100baht and two minutes later, I arrived at the hotel to Caitlin, Jessica and Kirsti all up waiting for me. I am notoriously an awful packer, with my priorities always in the wrong place. My packing faux pars were outed at Heathrow back in June when I had double the luggage of all my fellow travellers. Caitlin shook her head in disbelief at my having bought 10 bikinis, 3 towels and enough toiletries to stock a large Superdrug, and Usana and Somsri still giggle over the fact that I bought 10 pairs of shoes with me.

In a bid to shake off my bad reputation, I packed only a canvas bag for the weekend. Upon arriving, we realised my ‘packing lightly’ was effectively not bring anything at all. Rummaging for make up remover, I discovered I’d only packed one pair of shorts and one top and no toiletries whatsoever, yet managed to bring 4 bikinis,10 pairs of socks and a full yoga outfit.

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We met Connie, who was staying at another hotel, for breakfast and headed for the beach. The glistening sea was visible behind the quaint caf├ęs along the seafront and we ran down a little alley that guided the way from the street to the sand. Frankly, it was utterly disappointing. I pictured idyllic beaches with white sand and crystal waters, and we were standing on a gloomily overcast standard beach.

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Determined to find our Thai paradise, we wandered along the shore away from the ports and jettys. The further we walked, the softer the sand became and the clearer the sea and we eventually found our exotic haven to frolick and bask in the sun.

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Having drank coconuts, swam in the sea and taken a few too many selfies, we headed to the jazz festival in the evening. With Hua Hin being the residency of the Thai royal family, and jazz music favoured by King Bhumibol, the town regularly holds free festivals. The band on stage were executing wonderfully a jazz rendition of ‘Crazy in Love’ as we entered, and we joined the hundreds of people sat on blankets in the moonlight to watch the performances.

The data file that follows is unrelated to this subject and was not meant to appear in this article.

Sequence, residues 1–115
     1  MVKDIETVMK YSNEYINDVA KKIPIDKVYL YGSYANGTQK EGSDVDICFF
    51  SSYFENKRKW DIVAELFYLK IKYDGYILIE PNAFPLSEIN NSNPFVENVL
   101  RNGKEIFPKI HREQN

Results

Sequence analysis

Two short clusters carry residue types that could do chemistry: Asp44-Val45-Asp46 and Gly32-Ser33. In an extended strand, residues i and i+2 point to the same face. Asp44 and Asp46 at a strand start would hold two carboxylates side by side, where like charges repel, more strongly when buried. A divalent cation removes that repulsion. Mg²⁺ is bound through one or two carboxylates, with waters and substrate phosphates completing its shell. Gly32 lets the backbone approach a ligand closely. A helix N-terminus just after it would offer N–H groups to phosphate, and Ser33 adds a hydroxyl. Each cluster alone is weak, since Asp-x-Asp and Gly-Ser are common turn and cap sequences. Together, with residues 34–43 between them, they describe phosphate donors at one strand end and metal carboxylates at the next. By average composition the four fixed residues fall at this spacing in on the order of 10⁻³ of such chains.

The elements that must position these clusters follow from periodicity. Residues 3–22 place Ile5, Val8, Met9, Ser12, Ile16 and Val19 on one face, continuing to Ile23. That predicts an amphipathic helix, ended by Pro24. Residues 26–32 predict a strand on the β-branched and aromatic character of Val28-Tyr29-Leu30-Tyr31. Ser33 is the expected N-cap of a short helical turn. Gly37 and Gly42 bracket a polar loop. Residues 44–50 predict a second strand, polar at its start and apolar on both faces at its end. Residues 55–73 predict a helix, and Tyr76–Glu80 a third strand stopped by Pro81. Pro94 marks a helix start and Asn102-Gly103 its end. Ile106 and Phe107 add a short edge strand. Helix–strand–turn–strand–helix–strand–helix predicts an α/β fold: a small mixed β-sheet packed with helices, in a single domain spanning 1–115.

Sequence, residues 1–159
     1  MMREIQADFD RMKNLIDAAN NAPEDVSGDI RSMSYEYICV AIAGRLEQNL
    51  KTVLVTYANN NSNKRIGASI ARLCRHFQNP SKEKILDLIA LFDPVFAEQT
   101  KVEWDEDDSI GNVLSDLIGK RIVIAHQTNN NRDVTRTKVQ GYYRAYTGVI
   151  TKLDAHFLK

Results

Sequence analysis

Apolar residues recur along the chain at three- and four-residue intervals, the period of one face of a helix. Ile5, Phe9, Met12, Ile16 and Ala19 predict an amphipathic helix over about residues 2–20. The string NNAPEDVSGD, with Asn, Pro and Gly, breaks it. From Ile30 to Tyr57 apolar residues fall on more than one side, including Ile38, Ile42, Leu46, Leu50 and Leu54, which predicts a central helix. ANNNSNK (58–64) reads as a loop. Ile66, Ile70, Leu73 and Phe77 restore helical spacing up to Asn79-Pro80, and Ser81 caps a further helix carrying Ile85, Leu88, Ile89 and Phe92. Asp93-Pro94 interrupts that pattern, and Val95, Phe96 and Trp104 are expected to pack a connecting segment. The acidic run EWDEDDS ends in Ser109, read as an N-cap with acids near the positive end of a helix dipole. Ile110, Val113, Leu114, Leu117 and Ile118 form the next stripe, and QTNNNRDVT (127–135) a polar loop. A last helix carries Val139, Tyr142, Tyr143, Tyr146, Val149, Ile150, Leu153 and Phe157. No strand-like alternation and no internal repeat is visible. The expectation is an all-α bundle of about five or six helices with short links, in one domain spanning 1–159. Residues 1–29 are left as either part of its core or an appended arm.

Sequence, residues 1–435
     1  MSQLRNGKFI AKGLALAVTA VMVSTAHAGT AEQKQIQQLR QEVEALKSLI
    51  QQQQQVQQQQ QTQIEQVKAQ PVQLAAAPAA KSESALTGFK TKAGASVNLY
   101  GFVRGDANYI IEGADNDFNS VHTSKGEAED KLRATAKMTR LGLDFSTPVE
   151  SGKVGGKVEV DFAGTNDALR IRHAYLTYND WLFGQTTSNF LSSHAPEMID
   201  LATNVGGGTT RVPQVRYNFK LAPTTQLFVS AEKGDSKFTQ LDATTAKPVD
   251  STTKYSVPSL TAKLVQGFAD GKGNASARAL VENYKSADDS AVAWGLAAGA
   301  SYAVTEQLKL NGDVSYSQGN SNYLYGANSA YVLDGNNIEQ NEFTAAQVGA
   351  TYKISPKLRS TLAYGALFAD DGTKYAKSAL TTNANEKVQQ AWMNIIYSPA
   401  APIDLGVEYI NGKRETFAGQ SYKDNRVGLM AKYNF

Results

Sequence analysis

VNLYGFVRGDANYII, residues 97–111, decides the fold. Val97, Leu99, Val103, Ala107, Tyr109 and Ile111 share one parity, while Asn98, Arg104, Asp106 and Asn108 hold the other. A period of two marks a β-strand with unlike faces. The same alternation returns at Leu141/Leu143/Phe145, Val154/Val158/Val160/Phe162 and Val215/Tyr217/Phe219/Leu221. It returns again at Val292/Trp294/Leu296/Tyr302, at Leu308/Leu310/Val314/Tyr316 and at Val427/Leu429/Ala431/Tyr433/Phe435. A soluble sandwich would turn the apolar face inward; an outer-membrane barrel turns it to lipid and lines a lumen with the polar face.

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The following morning, we got up at 5am for yoga whilst watching the sunrise. Kirsti led the session, and gracefully showed us the positions that we didn’t even know we could bend our bodies in to.

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After an hour of yoga, we meditated as the sun rose, at which point a stray, dishevelled, three legged dog came to sit directly in front of me, completely ruining all of my zen.

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Feeling tranquil and calm, we headed back to our hotel to nap before check out before ending our weekend with a decadently delicious breakfast of banana, coconut and caramelised cashew pancakes.